Select... 8 x 10 inch Black & White photograph. MS-G 103-63 Nov. 22, 63 is on the photograph. Displays the evolution of space-rocket designs side-by-side. 8 x 10 inch black and white diagram of the Saturn booster engines. 8 x 10 inch black and white diagram of a Saturn fuel-tank assembly cross-section. 8 x 10 inch black and white diagram of an Apollo spacecraft, each section labled for easy identification. 8 x 10 inch black and white diagram of the JII engine and the Saturn IV. 8 x 10 inch black and white diagram of the Saturn II engines. 8 x 10 inch black and white photograph including a table that displays the stabilized mechanical properties of the following alloys: :LA-141 and LAX-933. 8 x 10 inch black and white photograph of a graph displaying different alloys and comparing their 'nominal composition weight per cent' to one another. 8 x 10 inch black and white photograph of a gyro stabilizing support. 8 x 10 inch black and white photograph of a rocket motor material list. The weight of the material is measured in pounds. 8 x 10 inch black and white photograph of a table comparing the tensile strength of each alloy in relation to a desired goal. 8 x 10 inch black and white photograph of a table detailing the tensile strength, tensile yeild, elongation per cent and charpy impact of alloys. 8 x 10 inch black and white photograph of a table reperesenting the chemical composition of alloys M825 and M826. 8 x 10 inch black and white photograph that displays a table of two elements and their molecular makeup. Table includes the alloy of LA-141 and LAZ-933. 8 x 10 inch black and white photograph which displays an image that includes the plate, bar and the magnification of the bar to display its molecules. 8 x 10 inch black and white photograph; This is a cutaway drawing of the bulkhead with information about the LH2 tank skin, insulation, Aft LOX bulkhead, 2014-T6 alum skin and fiberglass core. Part of an envelope with photos accompanying C. E. Cataldo paper "Materials in Space Exploration." 8 x 10 inch black and white photograph. 8 x 10 inch black and white photograph. Contains images of the Saturn V, Saturn IB and Saturn I in reference to one another 8 x 10 inch black and white photograph. A photograph of a list of things contributing to stress corrosion. Referenced by "Materials in Space Exploration." Is part of envelope containing photos accompanying C. E. Cataldo paper "Materials in Space Exploration." 8 x 10 inch black and white photograph. Engine parts are labeled. 8 x 10 inch black and white photograph.; Image includes dimensions and labels of exterior features of the rocket. 8 x 10 inch black and white photograph.; Drawing contains information about the modified epoxy adhesive, aluminum film, mylar film, perforated phenolic honeycomb core, tank skin, mylar honeycomb core, polyurethane adhesive, weight and thermal conductivity.; Photo negative no. 651746 M-268. 8 x 10 inch black and white photograph.; Images included are: A-3 oxygen-hydrogen, H-1 oxygen-kerosene, J-2 oxygen-hydrogen, F-1 oxygen-Kerosene, M-1 oxygen-hydrogen. The thrust pounds is also listed.Shows them in reference to a human as a scale. A brief sketch of the development of the equations for a weighted least squares estimator is given, the equations for both collective and recursive estimators being included. Four possible problem sources that may be encountered in the application of the estimator are identified. Various "success" parameters are defined in an attempt to predict the success with which, the method has been applied. The application of the estimation technique to the problem of computing various error parameters associated with the ST-124M guidance platform is described with the numerical results obtained using a manufactured data case are presented. These results are used to form conclusions about the effectiveness of the "success" parameters and preferred approaches to the problem of system evaluation using techniques of estimation theory. A history of the IBM's Space Systems Center clean room and a description of its uses. A list of critical hardware from Saturn-Apollo Suppliers. A three-foot high Instrument tional Business Machines Corporation will be launched into orbit with a huge Saturn second stage
later this month in a crucial test for the Apollo lunar program. According to the preface, "This handbook provides KSC management personnel with general information relative to the Apollo-Saturn program. Emphasis is placed on Saturn launch facilities and related support equipment. Saturn vehicle parameters are included for general information. Address by Dr. George E. Mueller, Associate Administrator for Manned Space Flight, National Aeronautics and Space Administration before the Ninth National Conference of United Press International Editors and Publishers, October 8, 1968. Address from General O'Conner to the Rotery Club bringing them up to date on organizational developments inside the George C. Marshall Center. An outline of an interview with Wernher von Braun. Archive copy is a poor photocopy. Unable to read. Article aimed at improving the NASA's ability to complete its projects." Correspondance between Professor Logsdon and Welsh regarding Logsdon quoting Wernher von Braun's memorandum. Description of an 8 x 10 inch black and white photograph. Diagram displaying the internal rooms, pieces and functions of the Saturn V as well as the space-suits of the astronauts. Diagram explaining the process of a lunar mission from liftoff to recovery. Diagram that displays the Saturn V rocket with a page beneath detailing the function of each stage. Douglas Paper No. 4396.; Prepared by Ludwig Roth, Director, Saturn/Apollo Program Extension, Douglas Aircraft Company.; Presented to 16th Annual Conference of the Hermann Oberth Society. Discusses the role of the Apollo rocket after the Apollo program has concluded. Focuses on the construction and future use of the Apollo space telescope. The components described in this paper except for those listed otherwise were designed by the Space Support Division of Sperry Rand Corporation to specifications established by NASA's Marshall Space Flight Center in Huntsville, Alabama. Appreciation is extended to MSFC for permission to publish this paper and for data and help provided for its preparation. G. E. Challenge. Article written about George Mueller, NASA Associate Administrator for Manned Space Flight. Handwritten names and phone numbers on the first page. Apollo / Saturn Team. Helium is used extensively throughout the Apollo/Saturn V space vehicle for a number of applications. The welding use is not discussed since it is a special topic. In the first stage (S-IC), helium is used for liquid oxygen tank pressurization during vehicle checkout and launch. Images, decriptions, graphics and explanations of the various Saturn rockets. Includes enclosure of S-II Stages Status.; Archive copy is a poor photocopy. It is the purpose of this report to clarify the goals, the missions and the costs of this effort in the forseeable future, particularly with regard to the man-in-space program Laboratory monthly progress report for the Saturn 1B program between dates April 1st through April 31st, 1967. Last page of document is missing. Laboratory monthly progress report for the Saturn 1B program between dates August 1st through August 31st, 1967. Laboratory monthly progress report for the Saturn 1B program between dates December 1st through December 31st, 1967. Laboratory monthly progress report for the Saturn 1B program between dates Febuary 1st through Febuary 31st, 1967. Laboratory monthly progress report for the Saturn 1B program between dates January 1st through January 31st, 1968. Laboratory monthly progress report for the Saturn 1B program between dates July 1st through July 31st, 1967. Laboratory monthly progress report for the Saturn 1B program between dates June 1st through June 31st, 1967. Laboratory monthly progress report for the Saturn 1B program between dates October 1st through October 31st, 1967. Page 17 missing. Laboratory monthly progress report for the Saturn 1B program between dates September 1st through September 31st, 1967. Letter David L. Christensen from W. Angele responding to a pervious request. Letter stating that "A review of the research origins of the Lance weapon system - Project Hindsight -Task 1 supplement" is inside as requested. Letter to D. R. Spotz from David L. Christensen informing an awarding of a contract as well sa requesting documents. Letter to David L. Christensen from Ralph I. Villers responding to a request from Christiansen. Enclosed is the material requested. Letter to Frank L. Murphy from David L. Christensen informing an awarding of a contract as well sa requesting documents. Letter to George M. Lowe and Joseph F. Shea from H.A. Storms president continuing a conversation that was left unfinished. Letter to Harrison A. Storms from George H. Lowe and Joseph F. Shea expressing concerns they have over the lack of positive actions taken by the NAA. Letter to Helmut J. Horn from David L. Christensen informing that the University of Alabama Research Institute was awarded a NASA contract. Letter to Jerome B. Wiesner from Jones B. Webb regarding requested documents as well as how they, as scientists, interact with the scientific community. Letter to Kieth T. Glennan from Ernst Stuhlinger regarding a potential meeting between Glennan, Wernher von Braun Horner and Ernst himself. Attached is a required resume. Letter to Kurt R. Stehling from Julian Scheer answering on behalf of "Mr. Webb," stating that Kurt's "idea" was interesting and is to be given careful consideration. Letter to Lieutenant General Samuel C. Phillips from George M. Lowe regarding what happened on the Apollo 6 flight. Letter to Mr. David L. Christensen from Helmut J. Horn regarding the reports he requested. Letter to Mr. Eugene M. Emme from Donald F. Horneg regarding her request for her report to be read by Professor Logsdon. Letter to Professor Logsdon from Donald F. Hornig granting Logsdon's request PSAC Men-In-Space panel report. Letter to Professor Logsdon from E. C. Welcsh denying Logsdon's request to quote Wernher von Braun and President Kennedy from their memorandums. Letter to Wernher von Braun from E.C. Welsch thanking Braun for his letter on June 20th regarding his thoughts on communication and meteorological satilites. Letter to Wernher von Braun from John M. Logsdon asking that Braun approves a request to quote his memorandum in his book. Letter to Wernher von Braun from John M. Logsdon reiterating his request to use Braun's memorandum in his book as well as apologizing for any miscommunication. Letter to Wernher von Braun from NASA headquarters regarding Project Highwater and how it was withheld. Memo sent to Major General D. M. Jones - NASA/ML. Memorandum containing a recommendation from General Phillips to continue with the lunar orbit flight scheduled for December. Memorandum discussing a review of the data of the Apollo 5 flight. Memorandum discussing the first manned Saturn V flight, its purpose and when/where the launch will take place. Memorandum discussing the priorization of various nlunar landing vehicle projects. Memorandum recommending formulating a "justification" for the Apollo project and and place schedules/plans on a "firmer foundation." Monthly progress report for March, 1967. News article confirming NASA's announcement of Apollo 11's launch-day. Focuses on the optimism surrounding the launch as well. News article covering NASA's announcement of Apollo 11's launch-date: July 16th. News article detailing how the Apollo spacecraft 107 command modules are planned to be used in future space-missions. News article detailing the hope from the Apollo 9 crew that their mission will be a success. News article detailing the interest around the liftoff of the Apollo 8 spacecraft. News article detailing the planned 'Welcome back' events surrounding the resturn of the Apollo 9 crew. News article detailing the planning of five more projects after the successful mission of Apollo 8. News article detailing the recovery of the Apollo 9 crew after their mission News article detailing the slight change in schedule regarding the Apollo 10 lunar module's take-off from the Moon and its return to Earth. News article detialing the innovation of the SII's design, specifically how it is made lighter. News article detialing the recovery of the Apollo 9 command module and the events planned around its display. News release surveying the Apollo 7 rocket and discussing future missions. Organization chart for North American Rockwell, 1968 Paper focusing on past and future moon missions. Contains graphics of rockets and modules Paper includes references to figures and NASA's fundamental goals and principles. Poor photocopy. Memorandum informing that members of the Boeing company are coming by for a study of their own. Prepared for National Aeronautics and Space Administration, George C. Marshall Space Flight Center, Huntsville, Alabama. Accepted by V.C. Sorensen, Chief, Management Services Office. Management Services Project, RCA; SUMMARY: The objective of this study is to describe a comprehensive plan for the development and full utilization of methods and means to be employed in the years prior to 1976 for the effective acquisition, collection, storage, retrieval, distribution, and use of engineering documentation. Because of the violently changing state of the art of data acquisition, storage, and retrieval the description of the plan does not embrace the details of a total decade of phased change. Rather it describes actions that can and should be taken in the relatively near future, and proposes a continuing series of later studies to keep this plan current for the full decade. Presentation focusing on the history of Saturn V's engineering history and crew. Presentation from Harper, discussing the Saturn Project's then-status, background and plans. Presentation reviewing the complex engineering undertaken at NASA and the mathmatical problems that need to be solved regarding the space program. Presented to ACHEMA Congress and European Meeting of Chemical Engineering 1967, Frankfurt, Germany, June 21, 1967 by Dr. Eberhard Rees.; Includes slide numbers. Presented to Society of Automotive Engineers, Advanced Launch Vehicle & Propulsion Systems. When the Apollo lunar landing project is complete, the Saturn and Apollo hardware will only have begun to realize their ultimate potential for space exploration. The immense reserve of Apollo technology, facilities, and booster capability can then be directed to the achievement of national goals which lie far beyond the initial lunar landing. In achieving the Apollo lunar objectives, large investments will have been made in launch facilities, tracking systems, propulsion techniques, reentry systems, lunar landing systems and rendezvous technologies. Although developnent in these specialized areas has been tailored to the needs of Apollo, numerous studies by NASA and industry have demonstrated the feasibility of using the spacecraft, launch vehicles, and operating techniques for missions far more complex than lunar landings. Amortization of this hardware will prove cost-effective for missions of more sophisticated applications. Press release describing a photograph of a lunar module. Press release describing NASA's plans to begin manned missions set to begin in 1968. Release describing the launch of the Apollo 11. Remarks by Vaino J. Vehko, Director of Engineering, Chrysler Corporation Space Division at 30th Annual Meeting, Aviation/Space Writers Association, Las Vegas, Nevada Report detailing the progress NASA's Mississippi test facility has made testing the Apollo-Saturn rocket. Saturn and Apollo hardware will not have realized their ultimate potential for space exploration after the project lunar landing is complete. To accomplish the Apollo lunar landing program, an immense backlog of technology, facilities, and booster capability will have been built up, and we believe proper utilization of this resource will fill the needs for planetary, lunar and earth orbital space exploration for years to come. Space experimentation is expanding rapidly. Unmanned satellites are being equipped with precision instruments of greater power, and manned space stations accommodating large crews are in the drawing-board stage. The interface problems between these sophisticated instruments and between man, the spacecraft, and the supporting groundstations are multidimensional. This paper analyzes the scientific/technical areas of space experimentation, and continues with a review of the subsystems and support systems required to supply and operate the large variety of instruments. Areas of major integration efforts are singled out and the requirements for further developments and improvements are listed. A bibliography of 95 references is enclosed to assist in the identification of more detailed reports on all vital aspects of space experimentation.; Archive copy is a photocopy.; Supplement to IEEE Transactions on Aerospace and Electronic Systems, Vol. AES-2, No. 4, July, 1966. Pages 237 to 255. Speech by H.D. Lowrey, SAE Meeting, Detroit, Michigan. Focuses on the Apollo project, the technology involved and what the goals of the project are. Speech that covers the topics of the Saturn V lunar mission and the basics of a lunar mission in general. The actuation system for the Saturn V S-IC stage is described and compared to the Saturn I system. The use of mechanical feedback actuators that result in a significant increase in system reliability and the damping of load resonance is discussed. The unprecedented component sizes and system requirements are cited. The Committee on Interdivisional Dissemination of Manufacturing Development Information (CIDMDI) is comprised of NR - divisional representatives closely associated with advancement of the manufacturing arts . The purpose of the committee is to impart and receive development information of interest to NR manufacturing areas. Space Division's Central Manufacturing presents this CIDMDI Annual Report, for CFY 1968, in compliance with CIDMDI objectives. Included are research projects conducted by Central Manufacturing,as well as pertinent items submitted by the Apollo and Saturn Projects, for which, acknowledgement and appreciation are extended. Because of the large number of reports contained in this issue, only general information has been presented. Detailed data, if permissible, will be made available on request. For further information, contact L. B. Norwood, Space Division, Extension 1915.; PAP 68-0013.; Prepared by Advanced Projects Section of Central Manufacturing. L. B. Norwood, CIDMDI, Representative. F. H. Burry, Director, Manufacturing. The development of liquid rocket engines follow similar patterns regardless of engine size. During the development of the H-1 and F-1 engines, may problems were encountered. Mehtods of solving the combustion instability problem are discussed.; AIAA 4th Propulsion Joint Specialist Conference, Cleveland, Ohio, June 10-14, 1968.; Also available on NASA Technical Reports Server (NTRS) as unclassified. Can be ordered. Also on AIAA. The drawing gives information about the honeycomb and edge rolled construction of a heat-shield plate. The first page contains a typed routing slip. A list of Wernher von Braun's meetings with President Kennedy, the Vice President and members of their immediate staff. The first test of the command and communications system, a unified frequency S-band system, aboard AS-501 was successful. Compatibility of this system with the MSFN/USB sites was established. The onboard transponder and antenna system including antenna switching performed as predicted. The command performance was excellent with 5747 valid commands received onboard out of 5748 commands transmitted. Data reduction problems prevented a complete analysis of the tracking data. Telemetry system performance was satisfactory with a measured bit-error-rate of 4 x10-5 while over the Ascension Island station. This flight provided valuable data which can be used to define vehicle to-ground-station interfaces, to establish attitude constraints during translunar injection, and to improve operational procedures. One more test as successful as the AS-501 test would qualify the system as operational.; May 3,1968. The flrst flight test of the Apollo/Saturn V space vehicle is scheduled for launch from the Natlonal Aeronautics and Space Administration's John F, Kennedy Space Center, Fla., no earlier than Nov. 7. The mission is designated Apollo 4. The history of man might be considered as an ever increasing quantity and quality of measurements. Measurements related to space have been made by early astronomers, modern astronomers, and now by aerospace technologists. The manned lunar landing, a major national goal, has given us the means to measure in space. The space vehicle development itself has made heavy demands on instrumentation; this is discussed in some detail in this paper. The advantages of the International System of Units are mentioned. Some examples are used to illustrate the future of space measurement. The John F. Kennedy Space Center (KSC) Apollo/Saturn V Development/Operations Plan, K-PM-0, establislies the requirement for an Apollo/Saturn V Master Test Plan (MBP). This document, prepared by the Saturn Systems Office. The objective of this study is to describe a comprehensive plan for the development and full utilization of methods and means to be employed in the years prior to 1976 for the effective acquisition, collection, storage, retrieval, distribution, and use of engineering documentation. Because of the violently changing state of the art of data acquisition, storage, and retrieval the description of the plan does not embrace the details of a total decade of phased change. Rather it describes actions that can and should be taken in the relatively near future, and proposes a continuing series of later studies to keep this plan current for the full decade. The Preliminary Skeletal Operations Plan is a statement of the operational concept for Apollo. This draft contains a description of the conduct of the Apollo LOR landing mission and a mission profile. It provides the basis for more detailed mission planning, for generating functional criteria for equipment design, and for measuring the adequacy of the current Apollo hardware for satisfying operational needs. The proceedings of the First Annual Logistics Management Symposium are forwarded with the hope that the information will be of assistance to attendees and their staffs in the planning and management of logistics support programs. I recognize that there is still much study required before all management techniques and procedures for support programs are known and understood, but I believe that support problems are made easier by exchange of knowledge. The Symposium was based on this belief and we plan to continue the search for ways to achieve better program support at a lower cost. Edmund F. O'Connor, Director, Industrial Operations. The purpose of this document is to describe how the Manned Spacecraft Center is managing its responsibilities in the Apollo Program The organization, procedures, and management philosophy described herein, represent the accumulated knowledge gained from our experience with the Mercury, Gemini, and Apollo Programs. It should be remembered, however, that managing a research and development program of Apollo's size and complexity, is an experimental "R&D" process in itself. The results of an OMSF AS-201 Interlock and RCA 110A Computer Review were published. Recognizing that this was a "quick look", it was determined that a more detailed approach should be taken with respect to interlocks for the duration of the Saturn IB-V program. The Saturn S-IVB stage has a requirement for orbiting around the earth for up to 4.5 hours with approximately 60 percent of its initial propellant remaining at the end of the coast (prior to restart) . Extensive analyses must be performed to insure that this requirement is met. Both the maximum and minimum heat transfer rates are important because the maximum rates affect the hydrogen boiloff losses and thus the initial propellant loading requirements. The minimum rates are important because the boil off gases are used to maintain a minimum axial thrust level by venting the gases continuously through aft facing nozzles. This provides for a settling of the propellant throughout the orbital coast and alleviates the need for periodically venting the tank under zero gravity. These are the facts about IBM's role as a NASA prime contractor in the Apollo/Saturn program. They are organized for quick reference. Computer terms are defined in a glossary. Glossy prints of photographs and illustrations are available from IBM information offices listed on the following page. Please order by photo number. Andrew J. Cella Manager of Information, IBM Federal Systems Division. This article was published in the April 1967 issue of Contamination Control, Volume VI, Number 4. States: "The extreme sensitivity of critical parts in the Apollo /Saturn Instrument Unit (IU) has demanded unique clean room techniques by International Business Machines Corporation." This document also contains part of the Business Week article "North American tries to advance under fire", (June 3, 1967) pages 154 to 162. The complete article can be found at the UAH Library in microfilm format.; The document has handwritten notes and is a poor photocopy. This document contains copies of management charts and photographs maintained in the Management Information Office of the Executive Staff on Advanced Program and Research and Technology Areas. This document is prepared jointly by the Marshall Space Flight Center laboratories R-AERO-P, R-ASTR -S, and R-P&VE-VN . The document presents a brief and concise description of the AS-503 Apollo Saturn Space Vehicle. Where necessary, for clarification, additional related information has been included. It is not the intent of this document to completely define the Space Vehicle or its systems and subsystems in detail. The information presented herein, by text and sketches, describes launch preparation activities, launch facilities, and the space vehicle. This information permits the reader to follow the space vehicle sequence of events beginning a few hours prior to liftoff to its journey into space. This Engineering Capabilities Presentation lists the competence and capability that has been demonstrated by the Space Support Division of Sperry Rand Corporation while fulfilling contractual commitments in the aerospace industry. This is a preliminary presentation; the preparation of a complete capabilities history of the division is currently in the developmental stage. The Capabilities Experience Summary is comprised of ten categories. e.g. Category 1 - Aeronautics, etc. The capabilities reported herein were performed by the Space Support Division under Contract NAS8-20055 to the National Aeronautics and Space Administration, George C. Marshall Flight Center, Astrionics Laboratory, Huntsville, Alabama. This first issue contains only some general provisions for the program and its requirements for the Saturn 1B launch vehicle. This handbook provides a technical data summary for the Douglas-produced Saturn S-IV and S-IVB stages of the NASA Apollo Program. Material contained in the S-IVB stage of this handbook includes the S-IB and S-V vehicles. This book will be updated as changes and additional information become available. The appendix contains aerospace fluid characteristics, LOX and LH2 vapor pressure curves and a list of non-standard abbreviations. This index is an inventory of engineering reports and procedures available in Repository files. The Repository files contain various headquarters, MSFC, MSC, KSC and contractor prepared documents related to the overall MSFC, Apollo Program Requirements. V.C. Sorensen, Chief Management Services Office.; Published quarterly with monthly supplements by: Document Repository Branch; Management Services Office; Marshall Space Flight Center. This letter asks for an oral history interview from von Braun concerning his conversations and visits with President John F. Kennedy.; Archive copy is a very poor copy. This letter regarding designations for Apollo missions notes that "Unfortunately, the scheme for designating missions as stated in your message does not yet solve the problem of reserving the Apollo 1 name for Spacecraft 012 and its crew. As we have discussed with you and General Phillips in the past, the wives of the three deceased astronauts have made a special plea to reserve this Apollo 1 designation for Spacecraft 012 and the Grissom, White and Chaffee crew."; Archive copy is a photocopy.; In replay refer to: AB. This letter was attached to the edited transcript of the interview for the John F. Kennedy Library.; Archive copy is a photocopy. This memorandum contains the pages to be changed in the logistics program for the Apollo/Saturn Project. The logistics plan includes the design, procuring, manufacturing, and production processes. This plan formalizes the program, improves logistic support, and implements management and action plans. This memorandum reports the results of an effort to organize and update experiment assignments for inclusion in the AAP Flight Mission Assignments Document. Experiment assignment lists are included which indicate the following: 1) Original experiment assignments to the Orbital Workshop and ATM missions - AAP-1 through AAP-4; 2) Mission AAP-1A experiment assignments and the resulting unloading of experiments from AAP-1 through AAP-4; 3) Proposed assignments for inclusion in the draft FMAD; 4) Current status of the AAP experiment assignments.; X67-36860.; NASA TR - 85723. This paper describes the major highlights or milestones passed in the development of a System Safety Program at MSFC since early 1967. it discusses accomplishments, problems resolved, and decisions made for Apollo Saturn vehicles AS-501 and AS-502, and projects that are to be accomplished on future Saturn vehicles. This paper discusses the possible applications of Saturn vehicles to future space exploration. Potential missions utilizing Apollo derived hardware are examined. Research, development, and operations in earth orbit as well as lunar exploration, unmanned and manned interplanetary exploration are reviewed. These hypothetical missions are discussed in the context of the present and potential capability of three configurations of the Saturn vehicle; an uprated Saturn I, a three-stage Saturn V and a four-stage Saturn V. NOTE: Work presented herein was conducted by the Douglas Missiles and Space Systems Division under company-sponsored research and development funds. Therefore, the concepts and objectives described within this paper reflect the opinions of the authors and do not necessarily constitute endorsement by NASA, the Air Force, or any other U.S. Government organization. The nominal performance numbers presented are typical of the current configurations and possible future vehicle configurations. This paper discusses the propulsion requirements for various stages of the Apollo vehicles and the development of these engines. This paper presents a general review of major structural alloys that have been used in liquid rockets and space vehicles, the current state-of-the-art as applied to the Apollo launch vehicle systems, and discusses some materials currently under development for future requirements in vehicles for space exploration. Some aspects of the importance of corrosion resistant materials and suitable protective measures are discussed, as applied to both flight hardware and associated ground support equipment. This paper presents in synoptic form, an analysis of the management problems being faced in making fuhlre manned spaceflight decisions. It is an attempt to view the manned space program in total perspective - its relationship to other scientific research, other national programs, the role of Congress, the President's role, industry's role, and then show their relative influence and impact on decisior, making for the Post-Apollo period. This report represents the consolidated instrumentation plan for employing optical and electronic data acquisition systems to monitor the performance and trajectory of the Apollo/Saturn 1B vehicle, AS-2 04/LM-1, during powered flight. Telemetry and electronic tracking equipment on board the vehicle, and data acquisition systems monitoring the flight are discussed. Flight safety instrumentation and vehicle data transmission are described, and geophysical information is provided. This plan reflects the general instrumentation coverage requirements set forth in the NASA Program Support Requirements Document (PSRD) for Apollo/Saturn 16, and the commitments of Eastern Test Range (ETR) Operations Directive (OD) No. 4206,dated 15 August 1967. This plan is not intended to conflict with or to supersede either document. The information presented in this document reflects planning concepts developed prior to October 1, 1967. This report summarizes a study (by North American Aviation, Space Division) of Manned Interplanetary Flyby Missions to Venus and Mars during the period from 1975 to 1982. [The study was a broad but penetrating technical investigation of using a manned flight system for planetary exploration.] The results, along with previously known aspects of manned Mars and Venus flyby missions, vehicles, and systems, were integrated into total mission-system capable of performing a realistic and meaningful planetary exploration program. Manned Planetary Missions are feasible. Attractive multiplanet flyby missions can be performed by Saturn/Apollo systems. However, injected payload and mission requirements developed within the guidelines and assumptions of this study cannot be met with modified S-II or S-IV stages when used with the standard Saturn V Earth-launch vehicle. When using an Earth orbit assembly mode and an uprated Saturn Earth launch vehicle for application to manned planetary flyby missions, the launch vehicle should have a payload capability (2-stage to low Earth orbit) of 400,000 pounds or more for use with M(S)-IVB planetary injection stages. Manned planetary flyby missions provide a means of combining the favorable aspects of both manned and unmanned missions into a unique and highly effective planetary exploration mission-system capable of providing major significant inputs to the scientific and engineering questions concerning the interplanetary medium, our Sun, and our neighboring planets Venus and Mars. This revised edition of the Launch Vehicle Engines Project Development Plan supersedes the issue dated July 1, 1965. Significant changes which have been made are:- Removal of classified data to permit publication as an unclassified document; - Removal of material applicable to the RL-10 Engine Project which was transferred to the Lewis Research Center effective May 1, 1966; - Elimination of detailed schedules which quickly become obsolete; - Punched for maintenance in loose-leaf 3-ring binders and for ease in updating material through issuance of replacement sheets. Binders are not furnished. The information in this document is current to January 1, 1967.; The Launch Vehicle Engines Project Development Plan is established in accordance with requirements of NASA General Management Instruction 4-1-1, Planning and Implementation of NASA Projects, and OMSF Instruction MP 9320.044, Preparation and Revision of Program/Project Development Plans (PDP's). The Plan, herein referred to as the PDP, has been developed within the scope of current Apollo Projects Approval Documents (PADS) and will be maintained by the Engine Program Manager to identify program requirements, responsibilities, tasks, and resources, and time phasing of major actions required to accomplish the Engine Program. Transcription of a conversation with Wernher von Braun. Transcription of an interview with Wernher von Braun and Mr. Sohier.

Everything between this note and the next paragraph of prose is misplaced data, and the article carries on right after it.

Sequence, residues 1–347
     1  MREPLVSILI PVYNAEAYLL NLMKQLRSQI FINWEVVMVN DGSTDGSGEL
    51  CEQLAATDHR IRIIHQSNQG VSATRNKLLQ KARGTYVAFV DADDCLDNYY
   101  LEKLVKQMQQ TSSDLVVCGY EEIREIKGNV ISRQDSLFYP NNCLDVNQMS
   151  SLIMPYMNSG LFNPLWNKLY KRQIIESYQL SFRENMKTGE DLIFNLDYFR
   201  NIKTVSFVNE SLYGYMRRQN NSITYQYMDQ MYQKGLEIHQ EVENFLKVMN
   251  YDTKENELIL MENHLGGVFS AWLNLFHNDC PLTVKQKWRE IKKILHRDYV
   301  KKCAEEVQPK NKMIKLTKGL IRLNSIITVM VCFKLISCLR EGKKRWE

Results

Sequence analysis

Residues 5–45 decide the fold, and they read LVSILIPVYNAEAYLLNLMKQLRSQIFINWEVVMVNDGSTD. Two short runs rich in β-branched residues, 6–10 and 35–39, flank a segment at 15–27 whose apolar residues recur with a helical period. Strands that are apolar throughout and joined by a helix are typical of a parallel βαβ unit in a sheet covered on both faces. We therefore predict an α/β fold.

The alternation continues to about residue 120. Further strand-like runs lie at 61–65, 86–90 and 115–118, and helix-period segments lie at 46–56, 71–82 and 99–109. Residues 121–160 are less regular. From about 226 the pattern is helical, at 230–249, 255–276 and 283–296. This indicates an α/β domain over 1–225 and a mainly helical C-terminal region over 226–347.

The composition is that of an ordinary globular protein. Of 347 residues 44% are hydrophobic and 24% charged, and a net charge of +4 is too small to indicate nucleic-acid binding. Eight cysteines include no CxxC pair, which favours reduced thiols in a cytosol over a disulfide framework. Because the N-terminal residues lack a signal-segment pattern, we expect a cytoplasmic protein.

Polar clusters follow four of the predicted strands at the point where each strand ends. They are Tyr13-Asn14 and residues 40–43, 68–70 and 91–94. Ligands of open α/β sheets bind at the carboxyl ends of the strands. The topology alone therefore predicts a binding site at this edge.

Select... Akens, David S. Alcott, R. J. Angele, Wilhem Belew, Leland F. Bell Telephone Laboratories, Inc. Bellcomm, Inc. Boeing Company Bostwick, Leonard C. Bromberg, Jack L. Buell, D. N. Cataldo, C. E. Chapman, R. A. Christensen, David L. Cortright, Edgar M. Dearing, D. L. Douglas Aircraft Company. Missile and Space Systems Division. Space Systems Center Elliott, J. S. Elliott, J.S. Ely, Olen P. Farish, Preston T. Feldman, M. S. Filipowsky, R. F. George C. Marshall Space Flight Center George C. Marshall Space Flight Center. National Aeronautics & Space Administration George C. Marshall Space Flight Center. Aero-Astrodynamics Laboratory George C. Marshall Space Flight Center. Future Projects Office George C. Marshall Space Flight Center. Management Services Office George C. Marshall Space Flight Center. Management Services Office. Documentation Repository Branch George C. Marshall Space Flight Center. Michoud Assembly Facility George C. Marshall Space Flight Center. Propulsion & Vehicle Engineering Laboratory. Metallurgical Analysis Section. Materials Division, Metallic Materials Branch George C. Marshall Space Flight Center. Propulsion & Vehicle Engineering Laboratory. Metallurgical Analysis Section. Materials Division, Metallic Materials Branch. George C. Marshall Space Flight Center. Propulsion & Vehicle Engineering Laboratory.Metallurgical Analysis Section. Materials Division, Metallic Materials Branch George C. Marshall Space Flight Center. Propulsion & Vehicle Engineering Laboratory.Metallurgical Analysis Section. Materials Division, Metallic Materials Branch. George C. Marshall Space Flight Center. Test Laboratory. Systems Test Division Gordon, T. J. [Gordon, T. J. (Theodore Jay)] Gordon, Theodore J. Hamill, J. P. Harper, E. W. Havenstein, P. L. Heuring, Harvey Horn, Helmut J. Hornig, Donald F. Huntsville Engineering International Business Machines Corporation International Business Machines Corporation. Federal Systems Division John F. Kennedy Space Center John F. Kennedy Space Center. Kalange, M. A. Kelley, A. J. Kennedy, John F. (John Fitzgerald), 1917-1963 Kerr, Joseph H. Kingsbury, J. E. Logistics Support Publications Logsdon, John M. Low, George M. McDonnell Douglas Corporation Metscher, W. Mrazek, W. A. Mrazek, William A. Mueller, George Edwin NASA Manned Spacecraft Center-- Manned Analysis Branch NASA News National Aeronautics and Space Administration National Aeronautics and Space Administration. Newell, Homer Edward Noblitt, B. G. North American Rockwell Corporation North American Rockwell Corporation. Rocketdyne Division North American Rockwell Corporation. Space Division Nunnelley, J. R. O'Connor, Edmund F. Paludan, Charles Theodore Naftel Patterson, Wayne H. Phillips, Sam C. Phillips, Samuel C. Rees, Eberhard Roth, Ludwig Russell, Harold G. Scheer, Julian Shea, Joseph F. Shinkle, John G., 1912- Shott, Albert J. Sohier, Walter D. Sperry Rand (Corporation). Space Support Division Sperry Rand Corporation. Space Support Division. Storms, Harrison A. Stuhlinger, Ernst The Radio Corporation of America Thomas Jr., James W. Tinius, R. E. Toftoy, Holger N. (Holger Nelson), 1902-1967 United States. National Aeronautics and Space Administration United States. National Aeronautics and Space Administration. United States. Office of Manned Space Flight United States. President�s Science Advisory Committee University of Alabama in Huntsville Vehko, Vaino J. Villers, Ralph I. Von Braun, Wernher, 1912-1977 Von Pragenau, George L. Webb, James E. Welsh, Edward C. Wesson, Robert L. Wheeler, D. D.